2. Suffer not thy mind to feed itself upon any imagination which is either impossible for thee to do, or unprofitable if it be done; but rather think of the world's vanity, to condemn it -- of death, to expect it -- of judgment, to avoid it -- of hell, to escape it -- and of heaven, to desire it.
3. Desire not to fulfil thy mind in all things; but learn to deny thyself those desires, though never so pleasing to thy nature, which, being attained, will draw either scandal on thy religion, or hatred to thy person. Consider in everything the end before attempting the action.
4. Labour daily more and more to see thine own misery, through unbelief, self-love, and wilful breaches of God's laws; and the necessity of God's mercy, through the merits of Christ's passion, to be such, that if thou wert demanded, What is the vilest creature upon earth? thy conscience may answer, Mine ownself, by reason of my great sins. And if, on the other side, thou wert asked, What thou esteemest to be the most precious thing in the world? thy heart might answer, One drop of Christ's blood, to wash away my sins.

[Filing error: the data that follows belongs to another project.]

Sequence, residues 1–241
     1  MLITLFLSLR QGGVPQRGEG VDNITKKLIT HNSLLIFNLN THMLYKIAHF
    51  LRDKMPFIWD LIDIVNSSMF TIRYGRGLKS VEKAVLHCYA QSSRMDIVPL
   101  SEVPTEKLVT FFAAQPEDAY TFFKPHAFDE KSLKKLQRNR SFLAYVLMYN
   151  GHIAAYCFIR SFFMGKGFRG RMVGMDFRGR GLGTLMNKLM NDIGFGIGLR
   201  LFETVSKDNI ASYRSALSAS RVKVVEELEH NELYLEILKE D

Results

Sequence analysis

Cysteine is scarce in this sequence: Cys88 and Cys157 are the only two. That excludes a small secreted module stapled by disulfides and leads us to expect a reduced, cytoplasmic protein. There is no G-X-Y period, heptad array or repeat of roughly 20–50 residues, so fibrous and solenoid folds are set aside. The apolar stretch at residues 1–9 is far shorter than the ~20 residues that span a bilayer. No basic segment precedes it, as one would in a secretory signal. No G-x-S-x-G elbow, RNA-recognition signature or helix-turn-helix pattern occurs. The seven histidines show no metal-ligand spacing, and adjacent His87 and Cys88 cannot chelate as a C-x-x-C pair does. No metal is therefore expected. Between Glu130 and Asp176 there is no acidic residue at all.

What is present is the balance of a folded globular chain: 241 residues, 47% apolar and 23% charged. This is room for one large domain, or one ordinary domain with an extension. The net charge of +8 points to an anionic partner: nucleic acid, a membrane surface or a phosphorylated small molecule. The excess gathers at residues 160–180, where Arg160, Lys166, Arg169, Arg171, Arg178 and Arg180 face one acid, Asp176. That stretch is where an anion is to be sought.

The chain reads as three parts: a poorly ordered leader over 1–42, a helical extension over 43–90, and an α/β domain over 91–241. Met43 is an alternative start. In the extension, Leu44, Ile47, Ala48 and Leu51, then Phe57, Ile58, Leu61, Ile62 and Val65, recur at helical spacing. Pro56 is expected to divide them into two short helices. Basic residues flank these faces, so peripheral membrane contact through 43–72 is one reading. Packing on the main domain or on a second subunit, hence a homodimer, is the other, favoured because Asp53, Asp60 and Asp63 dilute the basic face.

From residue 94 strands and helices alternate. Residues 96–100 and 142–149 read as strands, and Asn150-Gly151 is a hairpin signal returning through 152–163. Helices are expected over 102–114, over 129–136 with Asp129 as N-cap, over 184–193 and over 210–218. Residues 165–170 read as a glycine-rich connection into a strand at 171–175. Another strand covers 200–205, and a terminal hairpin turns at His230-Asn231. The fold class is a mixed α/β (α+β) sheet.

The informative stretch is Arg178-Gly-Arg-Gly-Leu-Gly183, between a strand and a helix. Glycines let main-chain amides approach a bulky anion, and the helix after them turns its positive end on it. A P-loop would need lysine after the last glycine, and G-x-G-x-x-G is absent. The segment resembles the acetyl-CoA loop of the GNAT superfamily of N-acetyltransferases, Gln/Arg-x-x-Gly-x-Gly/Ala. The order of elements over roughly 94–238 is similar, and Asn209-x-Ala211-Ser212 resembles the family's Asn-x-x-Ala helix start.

5. As thou tenderest the salvation of thy soul, live not in any wilful sin. Approve thyself to be a true servant of Christ, not only in thy general calling, as in the frequent use of the word and sacraments, but also, in particular, in making conscience to avoid every known sin, for true faith and the purpose of sinning can never stand together; and to obey God in every one of his commandments, like Josias, who turned to God with all his heart according to all the law of Moses; and Zachary and Elizabeth, who walked in all the commandments of God without reproof. But if at any time through frailty, thou slippest into any sin, lie not in it, but speedily rise out of it by unfeigned repentance; praying for pardon till thy conscience be pacified, thy hatred of sin increased, and thy purpose of amendment confirmed..